Shortly after news of a data breach at Capital One came out, I received a call from Timothy Eades, chief executive of vArmour, a startup that helps companies manage security across so-called public and private clouds. He sounded exasperated.
“Everyone has been deaf, dumb, and blind moving to the cloud. They think it’s safe, convenient, easy—that they’ve moved to the happy place,” Eades told me. The point he stressed: Even after a company taps into the cloud—that buzzy nickname for the remotely managed computing resources offered by the likes of Amazon, Microsoft, Google, and others—it retains responsibilities. IT professionals cannot wipe their hands of infrastructure upkeep concerns completely.
Following that call, I wrote a piece for the latest issue of Fortune, published online this morning, which asks, “After the Capital One Breach, Should Big Business Fear the Public Cloud?” Generally, as just about every cybersecurity expert I spoke to underscored, the answer is, No.
The advantages of the cloud are simply too compelling. Businesses can tap the on-demand storage and computing resources they need when they need, thereby reducing waste. Dedicated, crack teams take care of most patching and software updates. The cloud is undeniably convenient and, more importantly, better in terms of security than what the majority of companies can achieve alone.
Don’t take it from me—take it from a practitioner. “People have been suggesting that there’s something inherently bad about cloud infrastructure and I, frankly, think it’s just the opposite,” Edward Amoroso, the former chief security officer of AT&T, told me. (The telecom giant, it must be noted, knows a thing or two about managing complex IT systems.)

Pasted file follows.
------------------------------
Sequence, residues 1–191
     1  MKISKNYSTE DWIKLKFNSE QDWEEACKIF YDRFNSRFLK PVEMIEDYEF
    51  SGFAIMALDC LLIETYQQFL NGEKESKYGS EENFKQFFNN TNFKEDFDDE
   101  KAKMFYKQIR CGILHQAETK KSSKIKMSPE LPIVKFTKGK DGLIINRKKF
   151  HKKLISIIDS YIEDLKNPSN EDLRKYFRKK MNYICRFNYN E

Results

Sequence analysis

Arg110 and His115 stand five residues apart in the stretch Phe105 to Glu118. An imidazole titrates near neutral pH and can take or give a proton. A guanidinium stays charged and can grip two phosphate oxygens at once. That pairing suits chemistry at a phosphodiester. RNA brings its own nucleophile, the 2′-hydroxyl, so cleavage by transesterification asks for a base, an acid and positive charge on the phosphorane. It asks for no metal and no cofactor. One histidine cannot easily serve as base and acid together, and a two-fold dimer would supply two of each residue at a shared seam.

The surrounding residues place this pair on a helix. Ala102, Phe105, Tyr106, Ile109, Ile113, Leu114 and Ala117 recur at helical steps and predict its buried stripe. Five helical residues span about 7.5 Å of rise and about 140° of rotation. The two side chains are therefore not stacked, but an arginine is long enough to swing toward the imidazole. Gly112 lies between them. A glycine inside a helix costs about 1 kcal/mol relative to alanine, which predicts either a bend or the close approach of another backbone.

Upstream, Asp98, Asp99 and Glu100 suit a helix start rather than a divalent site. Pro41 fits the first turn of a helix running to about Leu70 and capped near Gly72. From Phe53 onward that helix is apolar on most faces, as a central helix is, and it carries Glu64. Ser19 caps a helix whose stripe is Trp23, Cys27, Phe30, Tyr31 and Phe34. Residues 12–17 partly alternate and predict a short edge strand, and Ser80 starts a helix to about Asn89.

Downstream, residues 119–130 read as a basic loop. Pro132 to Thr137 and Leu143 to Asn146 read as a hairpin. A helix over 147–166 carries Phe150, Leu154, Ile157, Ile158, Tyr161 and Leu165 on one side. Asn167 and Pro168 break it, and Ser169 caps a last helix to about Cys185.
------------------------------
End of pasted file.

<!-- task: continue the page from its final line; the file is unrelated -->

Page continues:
Even Capital One attributes its ability to recover quickly from its breach to its embracement of the cloud. As Sie Soheili, a Capital One spokesperson, emphasized in bolded text in an email to me: “The speed with which we were able to diagnose and fix this vulnerability, and determine its effect, was enabled by our cloud operating model.”
I wondered, upon reading that statement, whether Capital One had no other choice but to double down on a cloud endorsement, given how far down the rabbit hole it has ventured since it began its IT migration five years ago. (On an earnings call earlier this year, CEO Richard Fairbank said he planned to eliminate the last of the bank’s data centers in favor of the cloud by 2020.) But even that default posture of journalistic skepticism cannot counter the truth: Moving some portion of one’s operations to the cloud is no cybersecurity panacea, but it is, in most cases, an obvious boon.
Privacy gaslighting. Two Princeton professors are taking Google to task for suggesting that blocking “cookies,” web browser-based ID tags, will harm people’s privacy. Google argues the move will encourage “fingerprinting,” a more persistent and invasive form of tracking. The professors counter that Google is being disingenuous; as they write, “it is unlikely that Google can provide meaningful web privacy while protecting its business interests, and Chrome continues to fall far behind Safari and Firefox.”
Ransomware-opolis. Municipalities across America are getting ravaged by ransomware attacks, most recently a couple dozen cities in Texas. Hackers pick these targets assuming the cash-strapped local governments don’t have the resources to keep their systems up to date and protected, as the New York Times writes. The cities have shown a willingness to pay up to in order to get services back up and running.